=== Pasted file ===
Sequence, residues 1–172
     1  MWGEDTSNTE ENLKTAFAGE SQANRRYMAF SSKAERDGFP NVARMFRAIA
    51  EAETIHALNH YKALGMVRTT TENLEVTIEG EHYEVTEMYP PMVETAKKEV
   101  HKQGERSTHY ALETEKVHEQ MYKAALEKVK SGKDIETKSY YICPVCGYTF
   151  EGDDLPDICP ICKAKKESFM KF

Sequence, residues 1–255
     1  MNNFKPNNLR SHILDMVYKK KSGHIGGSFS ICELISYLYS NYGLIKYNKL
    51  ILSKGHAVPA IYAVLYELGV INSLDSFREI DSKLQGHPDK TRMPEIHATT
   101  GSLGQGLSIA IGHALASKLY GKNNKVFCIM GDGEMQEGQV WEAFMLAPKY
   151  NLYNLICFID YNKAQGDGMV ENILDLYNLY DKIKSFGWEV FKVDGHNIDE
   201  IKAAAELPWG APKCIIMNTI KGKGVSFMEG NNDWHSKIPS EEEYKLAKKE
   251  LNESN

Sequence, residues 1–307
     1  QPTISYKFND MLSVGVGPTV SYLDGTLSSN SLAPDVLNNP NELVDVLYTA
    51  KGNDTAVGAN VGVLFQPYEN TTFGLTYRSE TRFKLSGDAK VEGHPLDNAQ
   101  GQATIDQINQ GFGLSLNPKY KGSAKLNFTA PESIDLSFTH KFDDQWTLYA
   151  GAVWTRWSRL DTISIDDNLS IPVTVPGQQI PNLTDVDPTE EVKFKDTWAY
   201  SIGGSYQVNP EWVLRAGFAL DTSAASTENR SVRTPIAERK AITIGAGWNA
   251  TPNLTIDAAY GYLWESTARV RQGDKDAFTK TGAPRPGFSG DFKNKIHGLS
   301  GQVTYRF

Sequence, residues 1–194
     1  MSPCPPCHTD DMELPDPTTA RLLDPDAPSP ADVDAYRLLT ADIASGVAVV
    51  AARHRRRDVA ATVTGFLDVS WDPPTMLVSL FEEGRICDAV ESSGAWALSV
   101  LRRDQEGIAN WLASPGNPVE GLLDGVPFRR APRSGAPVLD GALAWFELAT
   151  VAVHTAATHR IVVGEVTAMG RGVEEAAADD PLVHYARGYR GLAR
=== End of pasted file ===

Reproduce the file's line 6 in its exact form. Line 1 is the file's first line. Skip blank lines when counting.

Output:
Sequence, residues 1–255